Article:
Following a recent trip to Pennsylvania by a board member and the township fire chief to inspect rescue fire trucks, the Macomb Township Board of Trustees voted to purchase a 2015 KME Demo Rescue Truck.
On Dec. 22 during a regular Macomb Township Board of Trustees meeting, Macomb Township Trustee Roger Krzeminski made the motion to purchase the 2015 Demo Rescue Truck, which was seconded by Trustee Nancy Nevers and approved by the board.
On Dec. 1 and 2, Krzeminski made the trip to Nesquehoning (PA) with Macomb Township Fire Chief Robert Phillips to inspect light rescue trucks that are in production at KME Fire Apparatus. On Nov. 12, Phillips said that the Macomb Township Fire Department was interested in replacing a rescue and air truck housed at Fire Station One, a 2003 Ford F550. The cost of the trip was covered by KME, said Phillips.
Krzeminski said that the vehicle Phillips was requesting to purchase was a 2015 Ford F550.
“It has a four-door cab that will seat four firefighters and is a four-wheel drive,” Krzeminski said.
Krzeminski also read from a Dec. 17 letter that Phillips addressed to the board, which indicated that the primary difference between the requested truck and the mini-pumpers that are on the same Ford F550 cab and chassis is that the new truck will not have a pump for firefighting or carry water.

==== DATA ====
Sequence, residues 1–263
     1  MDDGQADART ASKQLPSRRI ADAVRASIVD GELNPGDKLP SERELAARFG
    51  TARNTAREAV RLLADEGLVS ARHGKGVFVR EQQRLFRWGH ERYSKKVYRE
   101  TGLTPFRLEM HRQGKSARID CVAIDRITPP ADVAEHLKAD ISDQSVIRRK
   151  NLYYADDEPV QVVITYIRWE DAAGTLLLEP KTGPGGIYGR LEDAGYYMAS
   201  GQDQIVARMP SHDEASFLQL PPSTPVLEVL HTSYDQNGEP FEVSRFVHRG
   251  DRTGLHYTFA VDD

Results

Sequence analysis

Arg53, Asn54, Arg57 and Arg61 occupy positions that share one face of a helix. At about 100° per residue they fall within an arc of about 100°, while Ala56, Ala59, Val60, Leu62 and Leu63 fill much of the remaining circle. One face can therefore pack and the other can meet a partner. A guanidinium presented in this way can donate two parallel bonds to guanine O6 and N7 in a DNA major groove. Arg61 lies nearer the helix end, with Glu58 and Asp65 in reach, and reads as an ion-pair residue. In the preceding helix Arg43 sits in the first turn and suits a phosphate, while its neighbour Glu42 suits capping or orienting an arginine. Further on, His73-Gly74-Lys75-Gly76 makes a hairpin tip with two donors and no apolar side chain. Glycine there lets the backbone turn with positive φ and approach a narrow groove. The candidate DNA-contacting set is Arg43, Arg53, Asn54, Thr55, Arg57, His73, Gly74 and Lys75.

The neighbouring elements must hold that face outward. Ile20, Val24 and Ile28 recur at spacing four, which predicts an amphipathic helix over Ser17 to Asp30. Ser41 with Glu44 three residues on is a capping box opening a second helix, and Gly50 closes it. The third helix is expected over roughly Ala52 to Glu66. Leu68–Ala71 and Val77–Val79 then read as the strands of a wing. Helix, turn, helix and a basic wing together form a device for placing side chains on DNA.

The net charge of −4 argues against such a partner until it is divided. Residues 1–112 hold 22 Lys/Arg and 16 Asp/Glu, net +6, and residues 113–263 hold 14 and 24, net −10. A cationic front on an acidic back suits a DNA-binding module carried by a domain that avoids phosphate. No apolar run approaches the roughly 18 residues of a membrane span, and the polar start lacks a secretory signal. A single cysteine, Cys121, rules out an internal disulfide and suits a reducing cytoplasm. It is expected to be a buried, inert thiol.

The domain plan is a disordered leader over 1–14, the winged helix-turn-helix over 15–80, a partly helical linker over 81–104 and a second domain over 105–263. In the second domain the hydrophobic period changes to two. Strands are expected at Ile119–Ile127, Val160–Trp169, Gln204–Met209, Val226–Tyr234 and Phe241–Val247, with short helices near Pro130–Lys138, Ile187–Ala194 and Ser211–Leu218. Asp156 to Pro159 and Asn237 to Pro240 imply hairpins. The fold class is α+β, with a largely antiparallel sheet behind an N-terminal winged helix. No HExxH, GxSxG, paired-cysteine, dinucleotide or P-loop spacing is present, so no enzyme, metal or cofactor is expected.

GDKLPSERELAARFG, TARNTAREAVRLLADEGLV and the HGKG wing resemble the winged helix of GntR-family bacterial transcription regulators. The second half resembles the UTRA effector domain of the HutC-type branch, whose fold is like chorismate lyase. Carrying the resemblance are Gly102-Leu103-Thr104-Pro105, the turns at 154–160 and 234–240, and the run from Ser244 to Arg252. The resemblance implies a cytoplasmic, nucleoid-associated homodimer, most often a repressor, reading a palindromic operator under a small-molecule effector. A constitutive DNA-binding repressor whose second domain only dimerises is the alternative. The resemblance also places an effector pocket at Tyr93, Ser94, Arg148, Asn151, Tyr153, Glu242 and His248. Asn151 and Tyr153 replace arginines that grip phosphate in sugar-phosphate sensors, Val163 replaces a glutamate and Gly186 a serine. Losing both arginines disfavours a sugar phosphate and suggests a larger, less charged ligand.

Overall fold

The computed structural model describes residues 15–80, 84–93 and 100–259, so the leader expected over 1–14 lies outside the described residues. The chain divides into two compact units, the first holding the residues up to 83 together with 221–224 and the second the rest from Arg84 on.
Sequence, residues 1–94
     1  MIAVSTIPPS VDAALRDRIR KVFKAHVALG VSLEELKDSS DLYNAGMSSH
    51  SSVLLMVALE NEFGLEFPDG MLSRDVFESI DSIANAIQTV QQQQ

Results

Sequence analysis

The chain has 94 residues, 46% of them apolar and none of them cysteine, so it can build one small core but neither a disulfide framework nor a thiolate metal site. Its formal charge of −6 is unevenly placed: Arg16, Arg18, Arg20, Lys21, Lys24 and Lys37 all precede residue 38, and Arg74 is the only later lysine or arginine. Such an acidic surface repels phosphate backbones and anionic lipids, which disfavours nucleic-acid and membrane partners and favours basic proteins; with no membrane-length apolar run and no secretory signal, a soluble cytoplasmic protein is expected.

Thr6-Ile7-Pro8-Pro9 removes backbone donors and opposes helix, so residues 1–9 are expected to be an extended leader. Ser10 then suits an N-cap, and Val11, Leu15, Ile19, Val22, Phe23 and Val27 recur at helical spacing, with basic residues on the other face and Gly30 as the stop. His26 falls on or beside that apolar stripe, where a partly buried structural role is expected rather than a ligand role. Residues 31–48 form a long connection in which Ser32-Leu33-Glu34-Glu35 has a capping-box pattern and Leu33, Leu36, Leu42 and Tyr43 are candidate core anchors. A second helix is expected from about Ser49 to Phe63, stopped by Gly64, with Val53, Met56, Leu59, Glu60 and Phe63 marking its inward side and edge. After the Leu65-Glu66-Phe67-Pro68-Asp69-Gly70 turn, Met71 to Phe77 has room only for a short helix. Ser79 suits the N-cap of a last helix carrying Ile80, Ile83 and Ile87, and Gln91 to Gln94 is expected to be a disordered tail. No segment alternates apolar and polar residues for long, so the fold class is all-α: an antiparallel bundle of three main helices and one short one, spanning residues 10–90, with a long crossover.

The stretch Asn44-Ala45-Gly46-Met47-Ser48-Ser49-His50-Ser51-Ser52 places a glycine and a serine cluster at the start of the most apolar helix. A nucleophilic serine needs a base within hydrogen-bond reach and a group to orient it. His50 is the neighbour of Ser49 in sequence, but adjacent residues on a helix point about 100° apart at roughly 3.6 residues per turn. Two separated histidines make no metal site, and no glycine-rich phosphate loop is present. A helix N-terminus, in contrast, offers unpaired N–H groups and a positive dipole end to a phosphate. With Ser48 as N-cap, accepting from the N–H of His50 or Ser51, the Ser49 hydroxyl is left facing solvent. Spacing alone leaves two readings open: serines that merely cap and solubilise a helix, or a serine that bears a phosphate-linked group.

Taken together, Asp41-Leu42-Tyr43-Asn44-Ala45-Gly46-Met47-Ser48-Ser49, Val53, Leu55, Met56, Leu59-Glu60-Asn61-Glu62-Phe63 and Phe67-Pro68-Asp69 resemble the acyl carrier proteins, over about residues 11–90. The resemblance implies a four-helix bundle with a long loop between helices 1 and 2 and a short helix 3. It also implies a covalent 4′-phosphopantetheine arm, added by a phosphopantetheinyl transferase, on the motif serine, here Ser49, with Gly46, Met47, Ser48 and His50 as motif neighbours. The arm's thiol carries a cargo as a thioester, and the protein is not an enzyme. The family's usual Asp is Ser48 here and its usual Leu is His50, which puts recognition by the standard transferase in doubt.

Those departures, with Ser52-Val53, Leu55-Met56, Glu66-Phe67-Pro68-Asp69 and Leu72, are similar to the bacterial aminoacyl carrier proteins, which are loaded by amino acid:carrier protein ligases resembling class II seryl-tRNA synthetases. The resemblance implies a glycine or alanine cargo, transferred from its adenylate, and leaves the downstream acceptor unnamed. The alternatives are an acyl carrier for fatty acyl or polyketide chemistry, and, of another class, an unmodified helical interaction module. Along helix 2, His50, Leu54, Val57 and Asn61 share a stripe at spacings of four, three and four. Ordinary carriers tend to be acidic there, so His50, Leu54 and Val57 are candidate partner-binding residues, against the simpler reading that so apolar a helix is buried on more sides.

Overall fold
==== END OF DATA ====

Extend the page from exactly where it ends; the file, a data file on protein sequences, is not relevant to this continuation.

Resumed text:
“One of the things is that our rigs within our fire department here we have had for nearly 30 years, so what we are currently doing is that we are changing them from a two-door type of an operation of the Ford, which he has showed you, what we have now, and we are going to a four door so that we can carry four firefighters to a scene,” Krzeminski said. “And it is going to, since we are updating our fire service, this will tremendously help us out. The money is covered in a fire improvement fund which he has already put away, and the cost of the vehicle would be $225,609.”
According to Phillips’ letter, the new vehicle will be housed at Macomb Township Fire Station One and will respond to medical calls, vehicle accidents and fires.
“It will be outfitted to carry the Jaws of Life and the required medical and fire related equipment. In addition, it will carry an air-fill station that will allow us to refill the air bottles the crews wear while engaged in firefighting operations,” Phillips wrote.
Phillips also wrote that the vehicle is a demo model, meaning it is in the production process.
“The cab and chassis has been ordered by KME,” Phillips wrote. “If it is ordered before the end of the year, the body will be built to our specifications and two minor changes will be made to the interior of the cab to make it match the other vehicles that we have. The truck is available for sale to other departments and is subject to prior sale. If purchased as a demo, we will save between 11 percent and 15 percent compared to ordering a new truck that is not in production.”
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